"They wanted to help raise funds for the Brain Tumour Charity with this cycle challenge, and I was absolutely flattered and extremely moved that they wanted to make that contribution."

The couple has learnt to live day by day and make the most of every moment. Gideon can only look six months into the future at any given time as he waits for his next scan. He is now bracing himself for November when he is due to have his latest MRI.

"I do get more anxious as the scans approach and you do try as hard as you can not to worry ahead of it, but you always do," he says.

"For the most part I just try to put it out of my mind. It is the hand that fate has dealt us and we have to get on with things. I certainly don't hold any hope for living into old age at all."

They have explained as much as they can to their children about their daddy's illness, so the youngsters know how to react if Gideon has a seizure.

As he reads them a bedtime story, his daughter picks up immediately from his speech if anything is wrong and continues to read on for her brother until her dad has recovered.

Gideon paid tribute to Sarah and her strength in coping with the fact their future is not going to turn out as they expected.

"She totally holds the family together and is incredibly modest about it, too," he says. "She is always there listening to me moan or worry and she has been through a tough time as well. To some extent she has put our needs before her own."

Gideon is pleased to be taking part in the challenge to raise funds for the Brain Tumour Charity among others. To date, the group has raised just under £15,000, which was their original target.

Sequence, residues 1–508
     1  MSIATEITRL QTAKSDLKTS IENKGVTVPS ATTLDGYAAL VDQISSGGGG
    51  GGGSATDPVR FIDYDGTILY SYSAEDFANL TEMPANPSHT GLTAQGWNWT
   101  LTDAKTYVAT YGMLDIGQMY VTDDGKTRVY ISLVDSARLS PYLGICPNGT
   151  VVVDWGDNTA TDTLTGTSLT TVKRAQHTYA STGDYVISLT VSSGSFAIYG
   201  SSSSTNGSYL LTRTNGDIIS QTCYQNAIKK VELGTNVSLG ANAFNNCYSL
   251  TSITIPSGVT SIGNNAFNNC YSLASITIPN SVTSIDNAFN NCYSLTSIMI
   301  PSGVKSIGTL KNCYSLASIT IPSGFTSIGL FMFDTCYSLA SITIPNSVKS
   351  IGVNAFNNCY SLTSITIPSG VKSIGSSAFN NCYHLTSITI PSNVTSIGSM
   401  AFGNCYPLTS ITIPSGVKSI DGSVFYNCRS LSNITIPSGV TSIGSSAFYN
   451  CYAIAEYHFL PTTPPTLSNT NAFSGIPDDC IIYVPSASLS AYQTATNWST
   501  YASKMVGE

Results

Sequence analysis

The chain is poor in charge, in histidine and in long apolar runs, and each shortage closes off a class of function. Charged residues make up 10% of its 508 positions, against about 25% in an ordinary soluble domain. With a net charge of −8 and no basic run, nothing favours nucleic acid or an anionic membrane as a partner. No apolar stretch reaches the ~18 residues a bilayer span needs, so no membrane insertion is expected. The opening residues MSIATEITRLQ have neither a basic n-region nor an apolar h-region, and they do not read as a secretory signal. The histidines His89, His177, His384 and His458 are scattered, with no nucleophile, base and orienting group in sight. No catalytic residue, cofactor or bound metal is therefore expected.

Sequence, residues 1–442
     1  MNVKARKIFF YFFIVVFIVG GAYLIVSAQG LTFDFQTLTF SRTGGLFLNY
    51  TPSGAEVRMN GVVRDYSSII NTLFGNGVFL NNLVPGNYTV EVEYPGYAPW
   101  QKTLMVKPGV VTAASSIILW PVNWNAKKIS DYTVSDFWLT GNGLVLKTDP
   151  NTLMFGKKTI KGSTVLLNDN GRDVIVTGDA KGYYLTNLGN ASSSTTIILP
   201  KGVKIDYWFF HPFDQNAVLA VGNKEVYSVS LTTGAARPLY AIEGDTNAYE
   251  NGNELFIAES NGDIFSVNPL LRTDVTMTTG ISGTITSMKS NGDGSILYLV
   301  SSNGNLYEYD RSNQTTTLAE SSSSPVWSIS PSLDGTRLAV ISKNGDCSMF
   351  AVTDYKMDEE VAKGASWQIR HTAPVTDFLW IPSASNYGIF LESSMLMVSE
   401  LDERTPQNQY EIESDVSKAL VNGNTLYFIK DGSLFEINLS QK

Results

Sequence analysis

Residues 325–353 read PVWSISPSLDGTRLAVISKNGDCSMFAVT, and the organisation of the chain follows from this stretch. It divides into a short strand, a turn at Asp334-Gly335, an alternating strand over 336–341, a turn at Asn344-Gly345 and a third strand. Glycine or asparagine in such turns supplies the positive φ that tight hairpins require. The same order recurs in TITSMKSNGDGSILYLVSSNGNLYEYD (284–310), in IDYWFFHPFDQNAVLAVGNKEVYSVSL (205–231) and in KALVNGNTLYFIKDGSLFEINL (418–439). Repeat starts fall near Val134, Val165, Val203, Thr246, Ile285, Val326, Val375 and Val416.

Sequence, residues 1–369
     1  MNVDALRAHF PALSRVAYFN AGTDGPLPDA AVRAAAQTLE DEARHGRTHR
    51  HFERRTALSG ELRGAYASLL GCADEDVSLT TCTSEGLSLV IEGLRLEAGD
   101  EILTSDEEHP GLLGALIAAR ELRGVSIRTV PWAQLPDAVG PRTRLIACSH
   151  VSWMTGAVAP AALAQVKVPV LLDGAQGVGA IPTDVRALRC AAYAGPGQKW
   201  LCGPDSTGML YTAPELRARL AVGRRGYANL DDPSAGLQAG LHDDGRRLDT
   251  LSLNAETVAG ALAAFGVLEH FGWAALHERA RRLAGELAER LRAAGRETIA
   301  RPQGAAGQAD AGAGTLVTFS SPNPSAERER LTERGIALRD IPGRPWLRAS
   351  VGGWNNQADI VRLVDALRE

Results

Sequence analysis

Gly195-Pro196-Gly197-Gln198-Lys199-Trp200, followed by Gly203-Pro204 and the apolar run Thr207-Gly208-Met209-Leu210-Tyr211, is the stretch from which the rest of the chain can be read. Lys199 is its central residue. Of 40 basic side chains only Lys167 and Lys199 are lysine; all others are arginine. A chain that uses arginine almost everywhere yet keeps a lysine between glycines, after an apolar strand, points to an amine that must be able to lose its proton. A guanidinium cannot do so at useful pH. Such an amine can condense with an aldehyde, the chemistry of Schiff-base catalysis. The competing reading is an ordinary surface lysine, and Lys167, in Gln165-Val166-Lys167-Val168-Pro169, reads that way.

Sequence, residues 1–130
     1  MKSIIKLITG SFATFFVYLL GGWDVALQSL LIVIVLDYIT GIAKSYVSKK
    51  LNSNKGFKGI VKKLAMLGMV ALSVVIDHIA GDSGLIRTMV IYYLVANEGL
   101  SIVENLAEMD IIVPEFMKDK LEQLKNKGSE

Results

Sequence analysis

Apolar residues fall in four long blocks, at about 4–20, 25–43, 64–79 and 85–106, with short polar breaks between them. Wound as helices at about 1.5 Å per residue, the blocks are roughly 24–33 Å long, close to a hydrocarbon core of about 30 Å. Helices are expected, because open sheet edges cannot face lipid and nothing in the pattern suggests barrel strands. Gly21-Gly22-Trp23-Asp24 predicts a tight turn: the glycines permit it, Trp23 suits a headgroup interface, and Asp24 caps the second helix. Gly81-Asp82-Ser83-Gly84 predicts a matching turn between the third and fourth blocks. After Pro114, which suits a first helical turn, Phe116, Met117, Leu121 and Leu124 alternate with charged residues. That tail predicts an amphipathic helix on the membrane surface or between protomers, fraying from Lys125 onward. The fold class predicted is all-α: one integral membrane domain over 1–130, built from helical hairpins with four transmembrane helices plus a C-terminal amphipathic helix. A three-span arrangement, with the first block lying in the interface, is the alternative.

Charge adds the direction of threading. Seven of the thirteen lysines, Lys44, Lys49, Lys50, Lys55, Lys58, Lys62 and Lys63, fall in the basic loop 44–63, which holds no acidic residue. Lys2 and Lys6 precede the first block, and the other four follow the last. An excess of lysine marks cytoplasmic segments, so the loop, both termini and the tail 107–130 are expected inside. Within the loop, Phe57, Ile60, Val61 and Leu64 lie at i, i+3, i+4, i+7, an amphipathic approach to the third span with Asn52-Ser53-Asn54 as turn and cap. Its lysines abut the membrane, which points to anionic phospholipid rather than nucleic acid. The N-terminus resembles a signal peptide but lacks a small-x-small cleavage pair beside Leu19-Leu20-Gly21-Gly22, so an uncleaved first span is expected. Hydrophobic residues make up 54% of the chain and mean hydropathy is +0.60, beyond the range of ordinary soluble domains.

Money given to the Brain Tumour Charity will go into research and, while it might be too late for Gideon, he hopes it can help give hope to others in the future.

He adds: "The research and knowledge is really important to us and it is a wonderful charity. We've had superb support and two significant donations from First Trust and the legal firm Carson McDowell which has really boosted us."

And as he anticipates the challenge of next month's cycle on October 2, he adds: "I made a promise to myself that as long as I can still get onto a bike, I will be riding until my dying day.

"A challenge like this has been incredibly important in keeping my spirits up, and when I can't face going out of the house I get on my bike and feel that life is worth living."

You can follow and support Gideon and his friends in their mammoth charity challenge by going to www.L2L500.com, www.virginmoneygiving.com/team/L2L500 and Twitter @L2L500

Belfast Telegraph